The Project Assistant physically verifies the existence and traffic-safety use of each item. This verification is typically completed during on-site monitoring. A Master Project Equipment Record will be maintained by the Accounting Tech (See Appendices). The Project Assistant will conduct an annual physical inventory and issue a report to the AHSO Administrator.

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Chapter V – Grant Administration and Management vi. Tagging

Section F – Property Management

Equipment and controlled assets, purchased in whole or in part with traffic safety funds, must be tagged to indicate the item was acquired with traffic safety funds. Traffic safety sub grantees are responsible for developing tagging procedures using tags provided by the AHSO. In addition, for cross-reference audit purposes, the ID tag number is to be noted on the invoice for each piece of equipment and controlled asset item. vii. Disposition Equipment shall be used by the grantee or sub grantee in the program or project for which it was acquired as long as needed, whether or not the project or program continues to be supported by Federal funds. When no longer needed for the original program or project, the equipment may be used in other activities currently or previously supported by a Federal agency. Upon completion or termination of a traffic safety grant or sub grant, or if it is determined by the AHSO that equipment is no longer needed for the purpose for which it was acquired, the equipment may: At the option of the AHSO, become the property of the AHSO. Permission for any other disposition must be obtained from AHSO before any action can be taken regarding the equipment. Some of the possible disposition actions include, but are not limited to:      Transfer from Federal inventory to State inventory Declaration of inoperability and relegation to salvage or sale at auction Return to the AHSO from the sub grantee Declaration that equipment is damaged beyond repair or salvage Sale at auction and return of proceeds to AHSO for reconciliation with Federal funding

A Depreciation Guide for the estimated useful life of typical traffic safety equipment has been developed by the AHSO:

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Chapter V – Grant Administration and Management

Section F – Property Management

See also Department Policies 12.02.05 Prior Federal Approval of Equipment Purchases of $5,000 or more in value and 12.02.06 Equipment Identification, Inventory and Tracking – State and Federal Regulations.

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Chapter V – Grant Administration and Management

Section G – Sub Grantee Travel

G. Sub Grantee Travel
This section provides the requirements for reimbursement of approved sub grantee travel expenses.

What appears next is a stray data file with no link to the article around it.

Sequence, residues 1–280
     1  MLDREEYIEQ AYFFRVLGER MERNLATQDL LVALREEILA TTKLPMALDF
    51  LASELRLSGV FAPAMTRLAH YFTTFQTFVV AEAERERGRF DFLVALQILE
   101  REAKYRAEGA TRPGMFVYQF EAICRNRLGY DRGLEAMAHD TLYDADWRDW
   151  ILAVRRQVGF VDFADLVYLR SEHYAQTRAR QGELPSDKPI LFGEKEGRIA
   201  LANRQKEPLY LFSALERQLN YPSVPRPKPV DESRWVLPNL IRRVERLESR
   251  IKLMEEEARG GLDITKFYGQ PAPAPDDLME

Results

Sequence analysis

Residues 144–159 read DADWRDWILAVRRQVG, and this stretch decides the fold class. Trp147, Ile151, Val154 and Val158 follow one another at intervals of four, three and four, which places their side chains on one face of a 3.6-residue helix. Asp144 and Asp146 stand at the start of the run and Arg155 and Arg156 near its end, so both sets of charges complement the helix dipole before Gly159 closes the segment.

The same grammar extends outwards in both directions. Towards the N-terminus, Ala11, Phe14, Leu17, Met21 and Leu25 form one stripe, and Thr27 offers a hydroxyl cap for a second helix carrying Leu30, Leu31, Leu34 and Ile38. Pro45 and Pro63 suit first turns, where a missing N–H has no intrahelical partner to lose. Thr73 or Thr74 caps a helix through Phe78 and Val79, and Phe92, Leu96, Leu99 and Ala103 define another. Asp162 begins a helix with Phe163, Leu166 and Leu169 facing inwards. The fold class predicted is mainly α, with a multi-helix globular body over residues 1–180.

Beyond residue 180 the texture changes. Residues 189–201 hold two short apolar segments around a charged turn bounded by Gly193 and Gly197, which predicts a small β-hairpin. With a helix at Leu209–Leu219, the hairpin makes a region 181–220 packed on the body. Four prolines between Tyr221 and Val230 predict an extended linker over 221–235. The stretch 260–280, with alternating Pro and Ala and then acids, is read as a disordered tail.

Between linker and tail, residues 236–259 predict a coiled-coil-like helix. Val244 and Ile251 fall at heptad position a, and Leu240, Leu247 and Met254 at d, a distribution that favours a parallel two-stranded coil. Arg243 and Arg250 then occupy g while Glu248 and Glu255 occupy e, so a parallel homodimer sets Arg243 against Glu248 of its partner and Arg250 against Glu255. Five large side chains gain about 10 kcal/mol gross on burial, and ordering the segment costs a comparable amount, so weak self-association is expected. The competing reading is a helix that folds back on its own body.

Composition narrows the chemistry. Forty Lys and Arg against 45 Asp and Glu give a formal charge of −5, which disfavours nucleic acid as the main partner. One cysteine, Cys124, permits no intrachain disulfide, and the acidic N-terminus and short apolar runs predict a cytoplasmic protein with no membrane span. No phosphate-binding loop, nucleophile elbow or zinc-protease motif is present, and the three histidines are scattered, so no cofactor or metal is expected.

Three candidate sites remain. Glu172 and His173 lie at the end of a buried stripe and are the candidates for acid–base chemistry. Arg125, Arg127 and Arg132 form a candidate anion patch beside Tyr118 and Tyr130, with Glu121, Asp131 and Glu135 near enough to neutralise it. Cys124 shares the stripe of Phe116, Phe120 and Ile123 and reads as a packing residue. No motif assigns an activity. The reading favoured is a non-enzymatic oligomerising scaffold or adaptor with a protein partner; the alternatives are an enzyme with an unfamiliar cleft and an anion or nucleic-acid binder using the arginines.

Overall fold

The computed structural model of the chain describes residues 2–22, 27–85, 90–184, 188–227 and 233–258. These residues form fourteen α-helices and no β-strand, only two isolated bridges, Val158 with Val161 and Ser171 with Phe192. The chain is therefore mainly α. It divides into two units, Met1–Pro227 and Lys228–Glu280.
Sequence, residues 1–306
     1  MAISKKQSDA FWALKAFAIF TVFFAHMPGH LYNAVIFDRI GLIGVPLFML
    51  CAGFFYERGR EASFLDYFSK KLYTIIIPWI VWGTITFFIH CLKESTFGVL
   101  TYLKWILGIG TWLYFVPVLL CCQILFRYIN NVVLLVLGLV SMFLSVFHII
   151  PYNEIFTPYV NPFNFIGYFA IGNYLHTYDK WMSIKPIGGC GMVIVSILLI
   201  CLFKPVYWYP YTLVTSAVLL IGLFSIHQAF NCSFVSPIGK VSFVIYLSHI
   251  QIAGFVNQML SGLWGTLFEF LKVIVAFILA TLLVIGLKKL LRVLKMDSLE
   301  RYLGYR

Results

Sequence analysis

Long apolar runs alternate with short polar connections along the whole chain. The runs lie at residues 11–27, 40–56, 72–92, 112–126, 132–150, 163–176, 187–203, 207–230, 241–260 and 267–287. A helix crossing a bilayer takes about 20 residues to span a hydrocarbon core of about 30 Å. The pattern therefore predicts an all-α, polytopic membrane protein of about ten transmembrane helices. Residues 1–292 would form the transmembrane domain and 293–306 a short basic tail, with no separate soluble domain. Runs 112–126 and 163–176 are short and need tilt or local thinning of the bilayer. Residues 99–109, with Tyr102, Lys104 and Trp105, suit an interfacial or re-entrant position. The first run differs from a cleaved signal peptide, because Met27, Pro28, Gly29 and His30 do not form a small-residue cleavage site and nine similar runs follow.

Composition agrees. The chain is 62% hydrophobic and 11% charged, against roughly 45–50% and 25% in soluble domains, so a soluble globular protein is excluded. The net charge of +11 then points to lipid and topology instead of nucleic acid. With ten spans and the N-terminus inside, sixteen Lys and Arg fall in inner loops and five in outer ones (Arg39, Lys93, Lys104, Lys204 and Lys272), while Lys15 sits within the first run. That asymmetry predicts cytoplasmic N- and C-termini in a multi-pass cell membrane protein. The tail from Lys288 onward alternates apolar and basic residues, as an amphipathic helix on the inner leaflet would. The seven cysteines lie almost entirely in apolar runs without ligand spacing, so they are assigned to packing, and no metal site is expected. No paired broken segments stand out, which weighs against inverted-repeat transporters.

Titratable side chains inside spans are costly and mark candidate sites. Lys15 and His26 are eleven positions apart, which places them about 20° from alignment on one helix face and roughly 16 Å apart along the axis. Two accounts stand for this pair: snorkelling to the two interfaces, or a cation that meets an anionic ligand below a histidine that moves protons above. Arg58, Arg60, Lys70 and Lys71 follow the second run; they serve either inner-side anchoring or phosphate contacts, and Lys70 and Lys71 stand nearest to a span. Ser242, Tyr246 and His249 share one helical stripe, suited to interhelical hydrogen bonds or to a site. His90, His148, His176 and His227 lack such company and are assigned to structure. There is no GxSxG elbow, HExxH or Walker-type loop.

Reimbursement for out-of-state travel expenses by sub grantees requires prior approval of the AHSO. To request approval for out-of-state travel, a sub grantee must: 1. 2.        Ensure that the grant contains the necessary provisions and that there are sufficient funds to cover the cost of the trip. Submit a written request using the Sub Grantee Travel Request Form for approval to the AHSO. The request must include: Purpose of the trip Trip dates Location Registration fee (if applicable) Persons involved and the relationship of the individuals to the particular trip Estimated cost (travel, per diem, registration fee, etc.) Benefit to the grant.

To qualify for approval and reimbursement, the travel must be:    

Necessary to assist in the completion of project and program goals and objectives Specific to the purpose of the project (for example, an anti-DWI conference for a community
alcohol project) Appropriate to the position and responsibility of the individual or individuals traveling (for example, community project director to community project seminar) Of direct benefit to the State, with such benefit unavailable through other means (for example, travel for a national, one-of-a-kind event).

For travel to be considered for approval, the grant must include the following: Table 11. Requirements for Approval of Travel Under a Grant Requirement Explanation Sufficient Travel Funds The grant budget should contain funds for travel. A line item for out-of-state travel or specific trips is not required. However, an indication of specific trips is recommended when known at the time of grant negotiation and approval. Sufficient funds in ―other direct If the conference or out-of-state event requires a registration cost‖ category of budget to fee, sufficient funds will need to be budgeted and included in the cover registration fee, if ―other direct cost‖ category in the approved project budget. required Provisions for out-of-state travel The grant must contain a provision that allows for out-of-state travel upon AHSO approval and requires this approval prior to travel and reimbursement. (See example following this table.) Travel to attend in-state meetings or training not included in the approved grant agreement requires the sub grantee to submit a request for prior written authorization for attendance from the AHSO.

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Chapter V – Grant Administration and Management

Section G – Sub Grantee Travel